Follow Techotopia on Twitter

On-line Guides
All Guides
eBook Store
iOS / Android
Linux for Beginners
Office Productivity
Linux Installation
Linux Security
Linux Utilities
Linux Virtualization
Linux Kernel
System/Network Admin
Programming
Scripting Languages
Development Tools
Web Development
GUI Toolkits/Desktop
Databases
Mail Systems
openSolaris
Eclipse Documentation
Techotopia.com
Virtuatopia.com

How To Guides
Virtualization
General System Admin
Linux Security
Linux Filesystems
Web Servers
Graphics & Desktop
PC Hardware
Windows
Problem Solutions

  




 

 

NOTE: CentOS Enterprise Linux is built from the Red Hat Enterprise Linux source code. Other than logo and name changes CentOS Enterprise Linux is compatible with the equivalent Red Hat version. This document applies equally to both Red Hat and CentOS Enterprise Linux.

Chapter 13. Diskettes and CD-ROMs

Using removable media with Red Hat Enterprise Linux requires some explanation. This chapter discusses how to read and write files to and from diskettes, CD-ROMs, and USB Flash Drives.

13.1. Using Diskettes

Diskettes are one of the oldest removable media solutions available for the personal computer (PC). Diskettes are ideal as a portable storage solution for small files that need to be physically moved around. For example, if two PCs are not on the same network, diskettes are a great solution to transfer files from one computer to the other. Diskettes degrade with time, and should not be used for long term storage.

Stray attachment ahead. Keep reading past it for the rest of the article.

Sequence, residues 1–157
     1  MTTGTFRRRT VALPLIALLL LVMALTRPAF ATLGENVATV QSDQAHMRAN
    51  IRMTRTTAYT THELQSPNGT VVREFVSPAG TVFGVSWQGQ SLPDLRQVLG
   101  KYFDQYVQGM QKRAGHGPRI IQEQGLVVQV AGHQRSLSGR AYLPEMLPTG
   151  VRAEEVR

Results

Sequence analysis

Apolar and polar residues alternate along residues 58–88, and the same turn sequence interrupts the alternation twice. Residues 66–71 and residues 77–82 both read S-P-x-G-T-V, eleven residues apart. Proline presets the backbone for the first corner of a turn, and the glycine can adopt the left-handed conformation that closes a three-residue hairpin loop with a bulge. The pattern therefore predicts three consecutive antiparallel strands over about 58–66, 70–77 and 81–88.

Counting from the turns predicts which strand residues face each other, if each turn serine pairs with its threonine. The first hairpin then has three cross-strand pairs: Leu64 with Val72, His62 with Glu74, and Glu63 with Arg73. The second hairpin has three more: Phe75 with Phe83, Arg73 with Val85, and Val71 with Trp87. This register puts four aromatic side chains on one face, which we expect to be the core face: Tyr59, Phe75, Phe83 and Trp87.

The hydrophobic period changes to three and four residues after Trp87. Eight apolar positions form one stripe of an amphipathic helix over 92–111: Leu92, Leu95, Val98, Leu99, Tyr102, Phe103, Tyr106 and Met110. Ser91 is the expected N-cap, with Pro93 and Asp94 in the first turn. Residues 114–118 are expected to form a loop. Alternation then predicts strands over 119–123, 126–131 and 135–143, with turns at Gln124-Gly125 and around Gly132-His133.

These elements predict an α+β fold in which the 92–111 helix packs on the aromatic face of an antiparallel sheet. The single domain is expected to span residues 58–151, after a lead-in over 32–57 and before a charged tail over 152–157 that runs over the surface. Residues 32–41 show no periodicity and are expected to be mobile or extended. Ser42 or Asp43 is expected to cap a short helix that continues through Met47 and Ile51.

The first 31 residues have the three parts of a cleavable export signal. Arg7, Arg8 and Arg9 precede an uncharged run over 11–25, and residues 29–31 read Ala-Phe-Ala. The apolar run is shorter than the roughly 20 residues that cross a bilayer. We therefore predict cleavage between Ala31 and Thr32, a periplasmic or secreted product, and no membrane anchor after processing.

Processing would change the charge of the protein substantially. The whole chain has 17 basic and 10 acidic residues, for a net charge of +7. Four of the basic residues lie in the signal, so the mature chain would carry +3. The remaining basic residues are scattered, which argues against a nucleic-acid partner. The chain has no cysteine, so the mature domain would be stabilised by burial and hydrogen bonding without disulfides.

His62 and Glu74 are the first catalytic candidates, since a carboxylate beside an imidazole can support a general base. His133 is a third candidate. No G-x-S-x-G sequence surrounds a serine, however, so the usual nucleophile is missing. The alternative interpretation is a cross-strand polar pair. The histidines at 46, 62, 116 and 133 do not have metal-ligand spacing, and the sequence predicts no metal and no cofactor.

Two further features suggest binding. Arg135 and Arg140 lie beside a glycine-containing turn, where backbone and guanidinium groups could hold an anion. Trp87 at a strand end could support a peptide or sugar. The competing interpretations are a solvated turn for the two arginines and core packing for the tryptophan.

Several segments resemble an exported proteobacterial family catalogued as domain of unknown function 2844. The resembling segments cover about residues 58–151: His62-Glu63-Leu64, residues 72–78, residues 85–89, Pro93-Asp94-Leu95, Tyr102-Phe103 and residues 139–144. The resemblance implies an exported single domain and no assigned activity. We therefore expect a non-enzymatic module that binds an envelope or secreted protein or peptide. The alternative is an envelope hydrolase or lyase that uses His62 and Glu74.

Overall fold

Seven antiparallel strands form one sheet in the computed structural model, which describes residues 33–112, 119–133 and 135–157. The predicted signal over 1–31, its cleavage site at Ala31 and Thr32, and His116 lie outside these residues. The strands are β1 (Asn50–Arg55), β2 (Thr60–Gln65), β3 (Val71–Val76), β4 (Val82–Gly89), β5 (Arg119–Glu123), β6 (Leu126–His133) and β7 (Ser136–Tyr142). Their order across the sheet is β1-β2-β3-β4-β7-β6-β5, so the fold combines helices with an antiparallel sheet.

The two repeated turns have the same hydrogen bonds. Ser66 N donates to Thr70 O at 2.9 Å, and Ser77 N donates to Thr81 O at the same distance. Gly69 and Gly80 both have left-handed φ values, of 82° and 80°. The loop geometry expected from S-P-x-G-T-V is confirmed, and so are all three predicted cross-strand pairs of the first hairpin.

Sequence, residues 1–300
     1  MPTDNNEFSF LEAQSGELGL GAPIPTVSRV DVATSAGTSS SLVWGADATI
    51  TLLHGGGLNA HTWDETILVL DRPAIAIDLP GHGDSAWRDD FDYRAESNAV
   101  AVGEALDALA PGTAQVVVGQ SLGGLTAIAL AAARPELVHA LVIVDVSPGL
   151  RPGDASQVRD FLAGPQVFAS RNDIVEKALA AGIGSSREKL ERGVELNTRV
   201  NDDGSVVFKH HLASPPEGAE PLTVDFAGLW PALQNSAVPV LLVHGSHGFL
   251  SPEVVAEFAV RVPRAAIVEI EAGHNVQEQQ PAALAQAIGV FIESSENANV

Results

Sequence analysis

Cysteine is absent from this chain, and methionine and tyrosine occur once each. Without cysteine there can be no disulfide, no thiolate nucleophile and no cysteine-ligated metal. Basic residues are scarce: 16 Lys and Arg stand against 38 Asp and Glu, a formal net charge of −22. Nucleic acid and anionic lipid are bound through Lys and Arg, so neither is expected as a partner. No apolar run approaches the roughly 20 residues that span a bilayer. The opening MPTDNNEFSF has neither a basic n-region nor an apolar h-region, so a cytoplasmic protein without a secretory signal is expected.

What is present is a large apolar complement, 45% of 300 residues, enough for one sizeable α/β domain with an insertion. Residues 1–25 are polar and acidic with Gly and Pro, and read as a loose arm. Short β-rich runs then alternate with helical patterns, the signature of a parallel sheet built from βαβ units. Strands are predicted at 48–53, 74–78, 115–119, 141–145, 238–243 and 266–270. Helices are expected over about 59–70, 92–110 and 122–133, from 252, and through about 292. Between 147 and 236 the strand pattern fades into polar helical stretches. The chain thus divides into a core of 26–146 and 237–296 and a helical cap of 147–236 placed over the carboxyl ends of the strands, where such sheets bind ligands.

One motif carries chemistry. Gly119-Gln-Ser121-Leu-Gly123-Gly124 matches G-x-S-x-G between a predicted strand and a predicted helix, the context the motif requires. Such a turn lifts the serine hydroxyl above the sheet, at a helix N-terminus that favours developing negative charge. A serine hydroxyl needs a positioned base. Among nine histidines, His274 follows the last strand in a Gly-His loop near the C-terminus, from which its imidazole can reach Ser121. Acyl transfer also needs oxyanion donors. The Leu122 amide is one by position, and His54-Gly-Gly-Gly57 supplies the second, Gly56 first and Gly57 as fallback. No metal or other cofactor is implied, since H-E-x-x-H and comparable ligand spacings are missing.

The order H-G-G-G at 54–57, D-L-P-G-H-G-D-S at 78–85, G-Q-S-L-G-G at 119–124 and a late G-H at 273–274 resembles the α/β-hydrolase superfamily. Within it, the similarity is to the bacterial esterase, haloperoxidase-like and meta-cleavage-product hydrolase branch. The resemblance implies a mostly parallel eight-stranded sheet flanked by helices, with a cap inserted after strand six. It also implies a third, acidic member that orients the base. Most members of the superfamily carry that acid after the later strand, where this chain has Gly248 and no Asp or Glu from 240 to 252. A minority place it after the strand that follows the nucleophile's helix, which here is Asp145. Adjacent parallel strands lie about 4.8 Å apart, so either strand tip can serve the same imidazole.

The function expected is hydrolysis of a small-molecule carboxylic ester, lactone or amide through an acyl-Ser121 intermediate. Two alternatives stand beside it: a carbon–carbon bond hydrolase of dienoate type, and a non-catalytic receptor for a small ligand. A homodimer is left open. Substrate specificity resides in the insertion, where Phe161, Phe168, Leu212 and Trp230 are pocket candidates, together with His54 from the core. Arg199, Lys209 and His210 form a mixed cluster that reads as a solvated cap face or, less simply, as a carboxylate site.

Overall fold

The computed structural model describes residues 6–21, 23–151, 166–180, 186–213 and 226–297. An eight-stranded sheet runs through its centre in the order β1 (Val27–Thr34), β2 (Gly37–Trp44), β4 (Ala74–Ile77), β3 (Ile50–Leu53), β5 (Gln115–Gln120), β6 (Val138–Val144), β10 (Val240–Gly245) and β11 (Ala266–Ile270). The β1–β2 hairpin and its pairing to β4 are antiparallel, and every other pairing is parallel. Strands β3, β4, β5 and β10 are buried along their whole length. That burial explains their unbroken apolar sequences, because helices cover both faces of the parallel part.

13.1.1. Mounting and Unmounting a Diskette

Diskettes must be mounted before use and unmounted before they are ejected from the drive. To mount a diskette means to attach it to your current file system. Strictly speaking, Red Hat Enterprise Linux attaches the contents of the diskette to your computer's file system under the directory /media/floppy/. Diskettes may be mounted manually from a shell prompt. Nautilus also has the ability to auto-mount diskettes.

To manually mount a diskette:

  1. Insert the diskette in the diskette drive.

  2. At a shell prompt, enter the command mount /media/floppy/.

  3. The diskette drive activity light should blink as it is mounted to /media/floppy/.

  4. You can access the contents of the diskette by browsing to that directory from a shell prompt or through a file browser like Nautilus.

To mount a diskette with Nautilus:

  1. Inser the diskette into the drive.

  2. Double-click on the Computer icon on your desktop.The Computer window opens.

  3. Double-click the Floppy icon. Nautilus automatically mounts the diskette and opens a window with the diskette's contents.

  4. At the same time, a diskette icon appears on the desktop. Double-click this icon at any time to open a window with the diskette's contents. Files dragged onto the icon are copied to the diskette.

To unmount a disk manually:

  1. Open a terminal window.

  2. At the shell prompt, enter the command umount /media/floppy/.

To unmount a diskette with Nautilus:

  1. Right-click on the diskette icon on the desktop.

  2. Select Unmount Volume from the menu.

Once the diskette has been unmounted, you can safely eject it from the drive.

Note Note
 

If you do not unmount a diskette before ejecting it, the files you meant to transfer to it will not actually be written on the diskette. You may also be unable to mount a new diskette, or the old data may be written over the new diskette. Be certain to unmount your diskettes before removing them.